A movement to halt the court-martial of Watada, energized by Courage to Resist, Code Pink, Iraqi Veterans Against the War, Veterans for Peace, and others is growing. Watada is becoming a Rosa Parks of the U.S. Army.

On August 22nd Investigating Officer Lieutenant Colonel Mark Keith disregarded the testimony of Watada’s attorneys regarding the illegality of the war. Keith recommended a general court-martial of Watada on all charges. His ruling is an open attack on a soldier’s right of political speech, a right integral to the right to vote.

The Colonel’s ruling rests on two fallacious claims: first, that international laws and treaties are irrelevant to Watada’s refusal to follow an order; and second, that the legal issues raised by the defense “are political questions and not within the purview of a court-martial.” Keith was insistent: “The defense argument regarding the war is a political question and therefore irrelevant.” The entire case turns on the “political question,” which is legalese for suppressing any challenge to Presidential abuse of power.

War is not a “political question”

The political question doctrine, as lawyers call it, lies at the very center of the constitutional crisis over imperial war, an emerging contest between constitutionalism and judicial realpolitik.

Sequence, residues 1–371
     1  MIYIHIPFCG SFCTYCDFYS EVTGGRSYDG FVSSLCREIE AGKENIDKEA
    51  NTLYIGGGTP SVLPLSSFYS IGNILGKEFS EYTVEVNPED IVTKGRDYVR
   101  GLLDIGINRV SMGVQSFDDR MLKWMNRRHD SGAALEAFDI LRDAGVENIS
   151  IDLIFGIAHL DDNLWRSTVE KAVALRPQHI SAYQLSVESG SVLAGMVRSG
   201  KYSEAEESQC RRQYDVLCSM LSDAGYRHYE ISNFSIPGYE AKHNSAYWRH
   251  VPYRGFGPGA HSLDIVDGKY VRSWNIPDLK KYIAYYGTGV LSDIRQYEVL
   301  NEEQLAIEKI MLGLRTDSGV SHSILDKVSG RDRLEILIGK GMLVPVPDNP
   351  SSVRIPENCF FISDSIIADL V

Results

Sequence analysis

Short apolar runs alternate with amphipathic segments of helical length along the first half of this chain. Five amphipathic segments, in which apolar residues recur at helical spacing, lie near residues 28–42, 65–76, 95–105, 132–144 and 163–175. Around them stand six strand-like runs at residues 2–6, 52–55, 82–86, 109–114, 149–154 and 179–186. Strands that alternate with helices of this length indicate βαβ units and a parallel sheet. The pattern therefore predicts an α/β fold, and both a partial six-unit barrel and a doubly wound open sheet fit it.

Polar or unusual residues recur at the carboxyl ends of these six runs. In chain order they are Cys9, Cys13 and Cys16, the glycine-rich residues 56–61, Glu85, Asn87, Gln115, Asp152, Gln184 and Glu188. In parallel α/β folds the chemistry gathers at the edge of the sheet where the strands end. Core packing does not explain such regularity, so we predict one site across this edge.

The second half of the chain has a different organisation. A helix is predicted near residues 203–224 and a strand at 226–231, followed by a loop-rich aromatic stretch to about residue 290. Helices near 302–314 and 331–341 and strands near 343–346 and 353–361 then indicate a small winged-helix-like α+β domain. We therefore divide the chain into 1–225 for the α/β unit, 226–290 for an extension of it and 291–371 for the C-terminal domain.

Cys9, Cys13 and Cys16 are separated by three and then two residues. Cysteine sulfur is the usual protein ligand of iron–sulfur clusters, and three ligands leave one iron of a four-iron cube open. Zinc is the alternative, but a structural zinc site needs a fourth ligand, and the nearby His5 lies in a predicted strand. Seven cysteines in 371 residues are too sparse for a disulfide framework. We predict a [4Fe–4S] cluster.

Col. Keith’s political question gambit is unfair. Watada never raised political issues in court. He does not base his defense on political interpretations of the occupation. By his refusal to participate in the occupation in Iraq, Watada is challenging the legality, not the political wisdom, of the killing of 100,000 Iraqis who never attacked or threatened the U.S.

It may be true that the U.S. is over-extended, that invasion creates blow back; that unilateral actions alienate allies, that war debts boomerang on the economy. These are political positions, to be sure. But they are not part of Watada’s defense.

The use of cluster bombs in populated areas, where kids are killed and maimed; collective reprisals against entire cities and populations like Fallujah; systematic use of torture to gather information; violation of the sovereignty of states -- war crimes of Army commanders are not political decisions. They are matters of law and morality, and all of them are subject to judicial review, if not public defiance.

Will American judges uphold international law, or will they ignore it? That is the real question in the Watada case.

It is true that the invasion of Iraq is a direct result of political calculations in Washington. That is precisely the point, why the legality of the war is central to Watada’s case. The Kellogg-Briand Pact (1928), the Nuremberg Tribunal, and the U.N. Charter all prohibit war “as an instrument of politics.” A war for mere political ends is not a war of self-defense.